Charles Tunnicliffe’s upbringing on a small farm in Cheshire instilled in him a deep appreciation of nature and the countryside. As a youth he spent hours sketching all aspects of farm life. His prodigious talent was quickly recognised and resulted in a scholarship to the local Macclesfield School of Art and later, to the Royal College in London. Here he studied etching under Sir Frank Short and Malcolm Osborne.


In 1928 Tunnicliffe returned to Cheshire with his soon-to-be wife, Winifred. It was she who, in 1929, encouraged him to submit some trial illustrations to the publishers of Henry Williamson’s masterpiece, Tarka the Otter. The wood engravings he produced were met with huge enthusiasm and their success led to further commissions to illustrate Williamson’s texts and well over one hundred other books over the subsequent decades.

The decline in sales of etchings in the late 1920s and the success of Tarka drove Tunnicliffe ever more towards wood engraving as a graphic medium. He had adapted to it very quickly and the speed and proficiency with which he engraved his blocks were quite remarkable. He told the publishers of A Book of Birds (1937) that he expected to complete between seventy and eighty engravings within three months! His large independent prints, those included in the Memorial Portfolios, were produced between 1934 and the mid-1950s.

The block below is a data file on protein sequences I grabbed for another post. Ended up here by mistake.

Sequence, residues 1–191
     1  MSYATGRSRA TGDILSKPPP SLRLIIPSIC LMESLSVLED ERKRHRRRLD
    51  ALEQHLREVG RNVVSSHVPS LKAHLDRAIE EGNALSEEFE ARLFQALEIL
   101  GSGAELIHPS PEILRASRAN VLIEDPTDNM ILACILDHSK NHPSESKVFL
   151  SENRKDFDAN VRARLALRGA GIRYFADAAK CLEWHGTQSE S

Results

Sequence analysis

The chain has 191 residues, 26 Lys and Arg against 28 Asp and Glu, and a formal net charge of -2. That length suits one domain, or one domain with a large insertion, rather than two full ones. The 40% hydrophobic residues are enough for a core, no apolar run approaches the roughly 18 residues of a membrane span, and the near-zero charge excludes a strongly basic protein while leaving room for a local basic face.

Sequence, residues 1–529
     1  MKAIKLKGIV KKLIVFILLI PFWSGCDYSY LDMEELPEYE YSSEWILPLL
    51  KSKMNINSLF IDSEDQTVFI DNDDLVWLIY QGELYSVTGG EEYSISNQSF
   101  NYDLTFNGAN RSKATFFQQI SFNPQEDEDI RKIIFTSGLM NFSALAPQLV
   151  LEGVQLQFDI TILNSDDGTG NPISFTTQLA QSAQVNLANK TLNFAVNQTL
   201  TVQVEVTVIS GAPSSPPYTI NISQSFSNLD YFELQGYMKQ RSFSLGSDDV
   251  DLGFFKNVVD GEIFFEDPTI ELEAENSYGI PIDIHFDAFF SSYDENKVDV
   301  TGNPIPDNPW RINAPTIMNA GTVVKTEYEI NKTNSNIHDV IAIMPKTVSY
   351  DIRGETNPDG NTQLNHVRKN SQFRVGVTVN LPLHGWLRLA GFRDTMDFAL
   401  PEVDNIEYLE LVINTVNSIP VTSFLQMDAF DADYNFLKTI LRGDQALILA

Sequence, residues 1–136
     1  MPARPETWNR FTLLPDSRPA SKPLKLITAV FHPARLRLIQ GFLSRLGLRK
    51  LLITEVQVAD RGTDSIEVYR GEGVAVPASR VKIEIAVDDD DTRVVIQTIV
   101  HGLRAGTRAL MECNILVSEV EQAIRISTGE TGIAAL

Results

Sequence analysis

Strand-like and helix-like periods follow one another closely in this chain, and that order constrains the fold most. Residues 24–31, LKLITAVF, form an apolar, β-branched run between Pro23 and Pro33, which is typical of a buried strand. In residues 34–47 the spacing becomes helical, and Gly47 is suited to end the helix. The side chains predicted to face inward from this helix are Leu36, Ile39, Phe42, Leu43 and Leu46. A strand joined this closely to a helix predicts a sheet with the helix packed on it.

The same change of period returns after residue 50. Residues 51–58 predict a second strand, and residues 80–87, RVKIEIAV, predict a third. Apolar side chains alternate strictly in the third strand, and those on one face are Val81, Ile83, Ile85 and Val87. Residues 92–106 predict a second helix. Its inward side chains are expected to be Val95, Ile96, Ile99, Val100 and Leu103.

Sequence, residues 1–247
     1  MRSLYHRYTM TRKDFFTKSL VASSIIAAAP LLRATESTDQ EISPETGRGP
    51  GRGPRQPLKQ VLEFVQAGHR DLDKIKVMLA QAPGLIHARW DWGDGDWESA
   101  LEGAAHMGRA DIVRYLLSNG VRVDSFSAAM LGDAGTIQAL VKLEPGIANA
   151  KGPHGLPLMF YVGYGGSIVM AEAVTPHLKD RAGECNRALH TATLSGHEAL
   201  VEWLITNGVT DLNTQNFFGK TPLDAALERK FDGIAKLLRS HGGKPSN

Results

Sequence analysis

By the time Tunnicliffe was elected a full member of the Royal Academy in 1954 he had become recognised as one of the foremost wildlife artists of the twentieth century. He was awarded the OBE in 1978, shortly before his death the following year.